The Genesis of
Logan - DOWNTOWN - Welch
1946 West Virginia Urban Coalfield Life 2006
The Photographs of Russell Lee and Earl Dotter
Clifford M. Lewis, S.J. Appalachian Institute at Wheeling Jesuit University
with financial assistance from the West Virginia Humanities Council, a state affiliate of the National Endowment for the Humanities. Any views, findings, conclusions or recommendations expressed in this exhibit do not necessarily represent those of the National Endowment for the Humanities.
In the immediate post-World War II year of 1946, the United Mine Workers of America (UMWA) under President John L. Lewis struck the bituminous coal mines. A prolonged shutdown threatened to destabilize the economy and to bring hardship in the winter months, so President Harry S. Truman ordered the seizure of the coal mines to insure continued production. In response to complaints by the miners about the health care situation in mining communities, largely located in the Appalachian Mountains, a Naval medical survey team, headed by Rear Admiral Joel T. Boone investigated health conditions in the mountains. On the team was veteran documentary photographer Russell W. Lee. He contributed 225 photographs to illustrate the final report, A Medical Survey of the Bituminous Coal Industry, published in 1947 His nearly 4000 pictures of coal field conditions are today housed at the National Archives.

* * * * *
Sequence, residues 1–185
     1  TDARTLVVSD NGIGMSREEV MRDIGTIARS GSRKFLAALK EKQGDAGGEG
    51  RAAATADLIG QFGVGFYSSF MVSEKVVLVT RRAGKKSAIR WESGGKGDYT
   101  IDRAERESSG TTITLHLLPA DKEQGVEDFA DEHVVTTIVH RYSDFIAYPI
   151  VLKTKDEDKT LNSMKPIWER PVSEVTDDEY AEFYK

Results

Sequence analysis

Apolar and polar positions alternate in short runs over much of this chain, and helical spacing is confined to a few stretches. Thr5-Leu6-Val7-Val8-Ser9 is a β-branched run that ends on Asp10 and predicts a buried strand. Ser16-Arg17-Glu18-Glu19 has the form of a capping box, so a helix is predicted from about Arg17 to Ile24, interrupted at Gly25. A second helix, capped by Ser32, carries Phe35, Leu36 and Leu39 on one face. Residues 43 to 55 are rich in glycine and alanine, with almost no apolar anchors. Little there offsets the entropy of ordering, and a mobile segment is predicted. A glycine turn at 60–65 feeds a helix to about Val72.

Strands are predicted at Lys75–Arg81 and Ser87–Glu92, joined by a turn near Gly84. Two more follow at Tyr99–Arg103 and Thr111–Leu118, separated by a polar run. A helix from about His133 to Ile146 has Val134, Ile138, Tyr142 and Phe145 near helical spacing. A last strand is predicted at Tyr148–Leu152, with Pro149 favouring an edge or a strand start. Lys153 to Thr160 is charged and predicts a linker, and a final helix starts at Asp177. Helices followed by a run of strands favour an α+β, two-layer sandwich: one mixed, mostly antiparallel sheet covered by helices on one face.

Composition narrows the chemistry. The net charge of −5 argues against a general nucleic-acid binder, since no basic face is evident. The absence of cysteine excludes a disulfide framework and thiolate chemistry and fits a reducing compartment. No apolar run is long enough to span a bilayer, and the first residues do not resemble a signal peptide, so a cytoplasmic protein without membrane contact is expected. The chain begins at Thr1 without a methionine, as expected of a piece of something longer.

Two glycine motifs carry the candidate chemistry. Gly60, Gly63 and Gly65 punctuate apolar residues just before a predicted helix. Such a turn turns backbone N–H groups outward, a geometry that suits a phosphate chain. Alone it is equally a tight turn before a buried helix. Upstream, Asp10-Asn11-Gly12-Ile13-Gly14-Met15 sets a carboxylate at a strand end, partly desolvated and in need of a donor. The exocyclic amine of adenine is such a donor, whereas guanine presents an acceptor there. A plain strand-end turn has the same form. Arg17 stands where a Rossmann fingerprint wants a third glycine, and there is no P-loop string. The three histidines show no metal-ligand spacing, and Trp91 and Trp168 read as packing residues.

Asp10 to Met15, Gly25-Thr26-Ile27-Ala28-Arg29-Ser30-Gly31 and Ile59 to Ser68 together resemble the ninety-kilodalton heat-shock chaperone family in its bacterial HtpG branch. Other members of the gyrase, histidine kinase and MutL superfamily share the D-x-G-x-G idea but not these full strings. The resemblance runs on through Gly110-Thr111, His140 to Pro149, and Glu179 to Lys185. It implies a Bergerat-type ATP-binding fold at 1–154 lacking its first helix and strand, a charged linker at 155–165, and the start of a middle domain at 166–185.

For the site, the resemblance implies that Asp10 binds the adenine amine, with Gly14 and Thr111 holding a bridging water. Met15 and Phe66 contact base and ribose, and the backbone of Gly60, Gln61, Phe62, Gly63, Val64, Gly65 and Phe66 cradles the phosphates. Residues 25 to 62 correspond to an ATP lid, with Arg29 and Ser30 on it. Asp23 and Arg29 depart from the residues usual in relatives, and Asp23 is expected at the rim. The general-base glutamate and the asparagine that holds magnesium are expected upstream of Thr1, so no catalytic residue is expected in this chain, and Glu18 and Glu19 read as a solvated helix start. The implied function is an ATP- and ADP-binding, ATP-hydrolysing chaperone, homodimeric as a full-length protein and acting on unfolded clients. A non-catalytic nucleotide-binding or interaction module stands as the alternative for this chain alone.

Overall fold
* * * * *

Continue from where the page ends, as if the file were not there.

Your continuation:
The findings of this "Boone Report" provided strong support for the construction of ten hospitals in south central Appalachia in the 1950s and spurred interest in new legislation to further protect workers in this dangerous occupation.
The rich archive of Russell Lee photos documenting life in the mining communities of Appalachia provides many views of Logan County and Welch. Supported by a Coalfields Grant from the West Virginia Humanities Council, the Wheeling Jesuit University Clifford M. Lewis, S.J. Appalachian Institute has joined with photojournalist Earl Dotter to create an exhibit which draws upon Russell Lee's pictures of Logan/Welch life sixty years ago and photographs taken of the two communities by Earl Dotter in July of 2006. We hope that this exhibit captures much of urban coalfield life at its height just after World War II, documents such life today, and impels folk in today's coalfields to consider what lies in their future.
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